We are thrilled to bring three translated articles from the Quaker Journal of German Friends (“QUÄKER, Zeitschrift der deutschen Freunde), to the blog over the next few weeks. Graciously translated into English by Birgit Adolph and reviewed by Rosemary Meier, the three articles discuss early Quakerism in Germany, nineteenth century Quakerism, and Quakers in twentieth-century Germany. Many early Canadian Quakers had German origins, particularly those who emigrated from New York, New Jersey, and Pennsylvania.

Written by Lutz Caspers, the articles were originally published in 2015 to celebrate the ninetieth anniversary of the German Yearly Meeting. The articles are reproduced here with the permission of both the author and the journal.

“90 Years of the German Annual Meeting. Part II: 19th Century: Minden, Friedensthal and Pyrmont,” Quaker Journal of German Friends 6, (2015): 273–275.
Lutz Caspers

German citation: Lutz Caspers, “90 Jahre deutsche Jahresversammlung. Teil II: Das 19. Jahrhundert: Minden, Friedensthal und Pyrmont,” QUÄKER, Zeitschrift der deutschen Freunde 6, (2015): 273–275.

In 1805, F.C.E. Schmid described the “beginning of the Pyrmont congregation”: in 1786, British missionaries had come to Hessen, as troops from Hessen had gone to America as soldiers and had had a favourable experience with Quakers there. They came to Rinteln, stayed for eight days, met “the Society of the Pious”, and “they left a powerful impression.”

In 1793, Ludwig Seebohm wrote a long letter to the town of Rinteln, detailing the principles of the Quaker faith. In 1790, in Hohenrode, Schaumberg, there apparently were people (including the Master craftsman Schüttemeier) who no longer attended Church nor were sending their children to school and who were “presenting themselves in speech, conduct and dress, showing all the peculiarities by which Quakers are recognised.” They wore simple clothes, addressed everyone with familiarity as thou, and did not take off their hats to anyone. A prison sentence did not make Schüttemeier change his views. In 1792, he was forced to endure the compulsory baptism of his child and the forced sale of his house, and to leave the area. He and his friends fled to Pyrmont.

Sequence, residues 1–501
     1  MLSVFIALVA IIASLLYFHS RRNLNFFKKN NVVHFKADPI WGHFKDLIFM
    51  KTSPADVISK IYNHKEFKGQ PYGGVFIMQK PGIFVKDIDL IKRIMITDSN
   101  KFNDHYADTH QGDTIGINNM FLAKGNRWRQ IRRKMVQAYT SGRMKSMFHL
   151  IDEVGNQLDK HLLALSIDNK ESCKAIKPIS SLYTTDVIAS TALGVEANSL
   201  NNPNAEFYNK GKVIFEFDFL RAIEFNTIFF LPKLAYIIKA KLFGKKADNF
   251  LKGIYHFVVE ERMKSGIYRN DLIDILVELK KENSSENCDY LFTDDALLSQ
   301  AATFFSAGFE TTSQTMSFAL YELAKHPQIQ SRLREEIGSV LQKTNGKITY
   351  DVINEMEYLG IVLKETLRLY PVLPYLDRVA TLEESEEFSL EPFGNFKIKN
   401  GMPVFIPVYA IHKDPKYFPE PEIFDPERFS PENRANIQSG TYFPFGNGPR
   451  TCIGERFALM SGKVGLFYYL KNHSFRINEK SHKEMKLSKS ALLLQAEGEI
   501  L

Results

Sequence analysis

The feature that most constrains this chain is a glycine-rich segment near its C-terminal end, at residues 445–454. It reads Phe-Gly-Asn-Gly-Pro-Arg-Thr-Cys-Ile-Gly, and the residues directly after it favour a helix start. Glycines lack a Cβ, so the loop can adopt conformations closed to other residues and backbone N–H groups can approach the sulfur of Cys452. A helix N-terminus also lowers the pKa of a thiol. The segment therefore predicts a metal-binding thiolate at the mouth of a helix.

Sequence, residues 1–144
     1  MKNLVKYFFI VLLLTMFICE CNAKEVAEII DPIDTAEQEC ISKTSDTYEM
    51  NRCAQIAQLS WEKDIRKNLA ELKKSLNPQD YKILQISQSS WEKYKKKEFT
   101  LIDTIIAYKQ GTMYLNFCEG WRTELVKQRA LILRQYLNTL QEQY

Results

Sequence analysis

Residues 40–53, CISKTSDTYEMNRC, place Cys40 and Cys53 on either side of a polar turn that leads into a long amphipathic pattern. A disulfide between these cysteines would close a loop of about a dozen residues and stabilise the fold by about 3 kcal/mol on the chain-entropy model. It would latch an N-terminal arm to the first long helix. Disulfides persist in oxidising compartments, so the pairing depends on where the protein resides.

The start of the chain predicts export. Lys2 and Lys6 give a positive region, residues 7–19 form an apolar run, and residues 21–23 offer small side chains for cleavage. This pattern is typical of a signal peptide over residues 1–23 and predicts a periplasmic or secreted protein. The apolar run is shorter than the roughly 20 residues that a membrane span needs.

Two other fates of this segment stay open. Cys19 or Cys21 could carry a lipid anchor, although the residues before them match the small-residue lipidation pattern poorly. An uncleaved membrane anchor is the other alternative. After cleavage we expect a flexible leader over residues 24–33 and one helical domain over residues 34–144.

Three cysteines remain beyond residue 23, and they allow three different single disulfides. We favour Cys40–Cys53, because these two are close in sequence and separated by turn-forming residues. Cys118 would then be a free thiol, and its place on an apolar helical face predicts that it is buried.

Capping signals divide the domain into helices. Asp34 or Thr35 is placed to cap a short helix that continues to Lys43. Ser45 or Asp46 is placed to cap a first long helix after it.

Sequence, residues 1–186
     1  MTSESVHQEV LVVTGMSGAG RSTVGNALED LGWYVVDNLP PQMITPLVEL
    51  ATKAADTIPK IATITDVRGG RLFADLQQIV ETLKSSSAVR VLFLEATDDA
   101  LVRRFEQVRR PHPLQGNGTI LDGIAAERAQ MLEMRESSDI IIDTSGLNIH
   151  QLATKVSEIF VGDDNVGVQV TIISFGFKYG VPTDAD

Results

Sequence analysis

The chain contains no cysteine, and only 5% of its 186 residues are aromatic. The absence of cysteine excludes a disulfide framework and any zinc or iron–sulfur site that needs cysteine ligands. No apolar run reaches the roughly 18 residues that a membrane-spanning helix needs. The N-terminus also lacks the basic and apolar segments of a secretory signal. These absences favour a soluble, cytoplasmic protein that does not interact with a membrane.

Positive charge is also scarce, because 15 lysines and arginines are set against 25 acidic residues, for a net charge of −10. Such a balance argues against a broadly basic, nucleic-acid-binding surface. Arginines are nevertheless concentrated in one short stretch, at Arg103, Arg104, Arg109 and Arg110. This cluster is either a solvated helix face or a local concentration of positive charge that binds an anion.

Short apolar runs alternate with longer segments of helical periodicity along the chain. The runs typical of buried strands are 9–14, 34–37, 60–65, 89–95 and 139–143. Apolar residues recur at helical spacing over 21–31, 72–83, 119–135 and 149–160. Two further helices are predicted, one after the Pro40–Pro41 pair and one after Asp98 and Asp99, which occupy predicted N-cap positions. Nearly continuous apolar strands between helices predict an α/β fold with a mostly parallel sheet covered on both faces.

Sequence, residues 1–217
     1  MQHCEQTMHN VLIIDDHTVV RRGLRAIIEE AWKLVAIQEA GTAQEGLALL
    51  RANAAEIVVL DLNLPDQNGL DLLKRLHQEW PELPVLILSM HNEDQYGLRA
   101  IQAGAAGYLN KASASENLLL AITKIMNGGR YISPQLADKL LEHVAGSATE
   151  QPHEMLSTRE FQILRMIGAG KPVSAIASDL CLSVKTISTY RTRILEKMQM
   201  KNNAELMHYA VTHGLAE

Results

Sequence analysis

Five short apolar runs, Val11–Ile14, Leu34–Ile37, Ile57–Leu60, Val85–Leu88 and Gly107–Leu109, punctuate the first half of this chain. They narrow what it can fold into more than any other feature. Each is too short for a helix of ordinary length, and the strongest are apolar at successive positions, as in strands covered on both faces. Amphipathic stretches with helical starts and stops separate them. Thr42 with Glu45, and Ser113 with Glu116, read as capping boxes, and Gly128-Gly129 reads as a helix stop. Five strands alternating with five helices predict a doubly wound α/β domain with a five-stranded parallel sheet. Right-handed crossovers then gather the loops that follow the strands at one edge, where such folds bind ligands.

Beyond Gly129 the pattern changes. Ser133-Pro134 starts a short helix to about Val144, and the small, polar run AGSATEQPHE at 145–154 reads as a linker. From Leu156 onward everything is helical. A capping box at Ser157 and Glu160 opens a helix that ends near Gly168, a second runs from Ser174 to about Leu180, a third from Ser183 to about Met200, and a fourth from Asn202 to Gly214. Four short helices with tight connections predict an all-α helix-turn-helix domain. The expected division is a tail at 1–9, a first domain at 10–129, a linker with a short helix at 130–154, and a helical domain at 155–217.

British missionaries met with six families in Minden, who met monthly (although not tolerated until 1798). Sarah Groupp had visited them in 1796. Friedrich Schmitt and Johannes Rasche had then founded the Christian Society of Friends in Minden. A public meeting was held in the hall of the orphanage in which many Minden citizens professed the principles of Friends. Several pastors however urged that this hall be closed. Ludwig Seebohm then drafted a document which was delivered to the King. After several further petitions, the members of five families were permitted to hold further Meetings there. In his response, the King referred to the full freedom of conscience for everyone in Prussia. Nevertheless, this did not exempt Friends from having to struggle with many difficulties. In Minden, there still exists a Quaker cemetery with many graves of Quakers from Minden and the surrounding area, buried between 1798 and 2006. Even among Friends, difficulties arose. Their hopes for Clearness had been placed on John Pemberton of Philadelphia, but he died in 1795 and was buried in Pyrmont. Three Quaker women from Philadelphia preached to a large audience in the dancehall of Pyrmont “as Quakers did not yet have a public Meeting House.”